Connors Research Traders Journal (Volume 20): 10 Smart Ways To Improve Your Trading; Part 9 – Go Deep, Not Wide
If you would like to read Chapter One of my new book Buy The Fear, Sell The Greed – 7 Behavioral Quant Strategies for Traders please click here.
This is Part 9 of our 10 Part Series on “Smarter Trading”. Today we’ll focus on the topic of “Go Deep, Not Wide”.
Trading has so many parts to it. And it’s exponential. In stock and index trading alone, you have thousands of securities to trade, multiple time frames, multiple ways to enter, multiple ways to exit, multiple strategies and methodologies to utilize along with the ability to trade the securities directly and through derivatives.
If we look at this combined, it feels daunting because the number of variations on how to trade each day becomes nearly endless.
So what’s the solution? It’s “Go Deep, Not Wide”.
Going deep means specializing. The more you specialize the greater your knowledge will be, and the less the chaos will be.
Just as every industry has specialization, so should your trading. In medicine, there are dozens of fields of specialization. If you have an ear problem, you don’t go to see someone who specializes in endocrinology. An endocrinologist may know something about ear problems but he or she can in no way compete with the knowledge of an ENT specialist. The specialist lives and breathes their specialty. Individuals with general knowledge or unrelated knowledge do not.
You can say the same thing for sports. Every sport has specialties and specialized knowledge. Place future Hall of Fame Quarterback Tom Brady at linebacker and yes, he may understand the position, but he’s no longer a Hall of Famer. He becomes a regular player who doesn’t win Super Bowls. His specialized knowledge is in one thing – being the best quarterback possible and all his time, efforts, and focus has been on that for decades and this been documented by many, many sources (Brady, as are all greats in their field, is OBSESSED). He is not wasting his time practicing catching footballs, or learning how to play defense. He’s 100% focused on his specialty. Brady has gone deep, not wide. And you can say the same thing for anyone who is the best at what they do.
Specialization is a personal choice which requires focus and commitment. It also requires you to know yourself both physically and mentally. Just as a person who’s 6 feet tall and weighs 200 pounds will never become a great jockey no matter how much he desires to do so (there are the physical limitations), someone who needs their mind constantly filled with action will likely become a better short-term trader (or day-trader) versus a great value investor who spends their days, weeks and months holding onto a small handful of positions. One is wired for action. The other is wired for patience. It doesn’t make one a better person than the other – it’s simply how they’re wired.
I’m sure you see the point here – you first start with knowing what you do best and what enjoy doing the most – then things begin to flow from here.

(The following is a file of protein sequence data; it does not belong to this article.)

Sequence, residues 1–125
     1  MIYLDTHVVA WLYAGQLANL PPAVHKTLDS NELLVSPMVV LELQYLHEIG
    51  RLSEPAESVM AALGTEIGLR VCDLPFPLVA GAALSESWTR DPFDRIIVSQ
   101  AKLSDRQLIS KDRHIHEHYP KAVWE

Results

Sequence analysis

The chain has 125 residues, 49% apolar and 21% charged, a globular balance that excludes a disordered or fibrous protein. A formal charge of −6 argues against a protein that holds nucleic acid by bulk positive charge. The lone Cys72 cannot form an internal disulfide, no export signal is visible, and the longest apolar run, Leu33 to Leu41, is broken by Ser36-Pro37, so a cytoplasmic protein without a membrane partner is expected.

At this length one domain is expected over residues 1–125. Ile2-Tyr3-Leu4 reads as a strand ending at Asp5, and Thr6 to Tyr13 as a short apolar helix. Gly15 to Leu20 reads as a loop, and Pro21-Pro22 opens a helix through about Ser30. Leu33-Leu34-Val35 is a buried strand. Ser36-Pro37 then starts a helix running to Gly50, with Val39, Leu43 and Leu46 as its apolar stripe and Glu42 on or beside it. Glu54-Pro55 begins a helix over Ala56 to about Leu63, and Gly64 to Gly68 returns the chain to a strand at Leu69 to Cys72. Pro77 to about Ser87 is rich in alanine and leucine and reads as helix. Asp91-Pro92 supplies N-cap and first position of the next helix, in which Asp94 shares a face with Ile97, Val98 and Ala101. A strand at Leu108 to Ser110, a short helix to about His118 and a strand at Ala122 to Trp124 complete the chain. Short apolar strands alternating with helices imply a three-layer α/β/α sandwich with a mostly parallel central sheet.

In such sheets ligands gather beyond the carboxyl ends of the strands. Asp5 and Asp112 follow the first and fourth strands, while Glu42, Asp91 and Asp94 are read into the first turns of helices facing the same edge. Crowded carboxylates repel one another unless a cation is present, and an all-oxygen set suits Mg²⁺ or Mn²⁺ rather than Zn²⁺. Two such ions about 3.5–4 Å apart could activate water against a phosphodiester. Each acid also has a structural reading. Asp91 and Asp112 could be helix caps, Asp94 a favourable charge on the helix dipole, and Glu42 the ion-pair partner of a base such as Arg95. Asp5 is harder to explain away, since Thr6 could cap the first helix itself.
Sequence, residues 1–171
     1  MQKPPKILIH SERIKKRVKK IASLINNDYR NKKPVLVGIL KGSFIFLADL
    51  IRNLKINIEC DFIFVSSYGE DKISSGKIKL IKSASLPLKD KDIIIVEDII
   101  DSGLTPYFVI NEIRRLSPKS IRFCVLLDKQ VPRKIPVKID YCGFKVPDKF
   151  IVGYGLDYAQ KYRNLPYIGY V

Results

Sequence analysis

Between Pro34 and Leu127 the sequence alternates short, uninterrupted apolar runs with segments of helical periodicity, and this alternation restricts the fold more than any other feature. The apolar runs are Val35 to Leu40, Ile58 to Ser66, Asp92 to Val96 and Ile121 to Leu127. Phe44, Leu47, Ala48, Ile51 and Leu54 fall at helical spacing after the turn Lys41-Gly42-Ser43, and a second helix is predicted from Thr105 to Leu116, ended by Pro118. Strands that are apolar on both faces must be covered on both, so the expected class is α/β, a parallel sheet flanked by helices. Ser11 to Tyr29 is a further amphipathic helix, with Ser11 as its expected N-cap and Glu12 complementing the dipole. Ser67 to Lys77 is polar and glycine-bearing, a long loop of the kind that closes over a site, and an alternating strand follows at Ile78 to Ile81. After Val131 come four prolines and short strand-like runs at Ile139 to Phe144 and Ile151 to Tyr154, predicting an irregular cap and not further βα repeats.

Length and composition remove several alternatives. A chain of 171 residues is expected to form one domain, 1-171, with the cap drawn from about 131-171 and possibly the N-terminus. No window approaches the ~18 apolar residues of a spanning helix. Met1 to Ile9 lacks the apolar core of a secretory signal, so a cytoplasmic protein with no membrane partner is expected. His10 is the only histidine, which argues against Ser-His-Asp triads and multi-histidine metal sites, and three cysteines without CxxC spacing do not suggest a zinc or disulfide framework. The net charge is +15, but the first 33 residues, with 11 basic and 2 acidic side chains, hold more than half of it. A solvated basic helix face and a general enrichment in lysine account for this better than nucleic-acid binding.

Now, let’s walk through a checklist you can answer to guide you on how to best specialize in trading.
1. Know Your Mind – Ask yourself, “Do I require deep analysis before making a decision or am I able to make great decisions quickly?” The answer will dictate your trading time frame.
2. Know Your Mind (Part Two) – “Can I follow a fixed set of rules (and drown out all the daily noise) in order to trade systematically or do I need (and have a different set of skills) to trade with discretion?”
3. Select Your Market – “What market am I good/great at trading and enjoy studying in order to continue to improve? Stocks, options, futures, ETFs, Volatility, or some other market?”
4. Select Your Market (Part Two) – Within that market you’ll have to go deeper. Much, much deeper.
For example, for options, will you be long premium, short premium, or both? What is your proficiency in the Greeks (you can spend an entire lifetime on this). What about time frames and what instruments will you be trading and when? For example, buying premium a day before earnings is very different than buying six-month options. With SPY you can trade expiration’s 3 times a week. Weekly expiration trading is a science in itself and it takes years to become proficient at it. In fact, many professionals with years of experience won’t touch an option expiring that day – the volatility and gamma alone is too much for them. How about your trade construction? Outright long/short, spreads, ratio spreads, adjusting positions? The list goes on and on.
Let’s go further…
There’s then execution expertise, liquidity expertise, platform expertise, commissions, rebates, exchange rules, new instruments, and more.
This only covers a portion of the knowledge required to become proficient at trading options. And if you think this list is long, spend 10 minutes with me and I’ll give you an even longer list for trading stocks!
Jumping around trading various vehicles, in various time frames, with various trading styles gets you to go wide. Wide is the enemy of proficiency. Deep is the ally of greatness.
Start with the answering the four questions above. Plus, buy the best-selling book The ONE Thing: The Surprisingly Simple Truth Behind Extraordinary Results by Gary Keller. This book has changed many lives for the better because of its message. Also its author Gary Keller, has a very good podcast which is worth listening to because it reinforces the message of today’s trading lesson: Go Deep, Not Wide.
I hope you enjoyed today’s issue of the Connors Research Trading Journal. In our next issue we’ll cover the importance of becoming great at your trading execution. Enjoy your trading.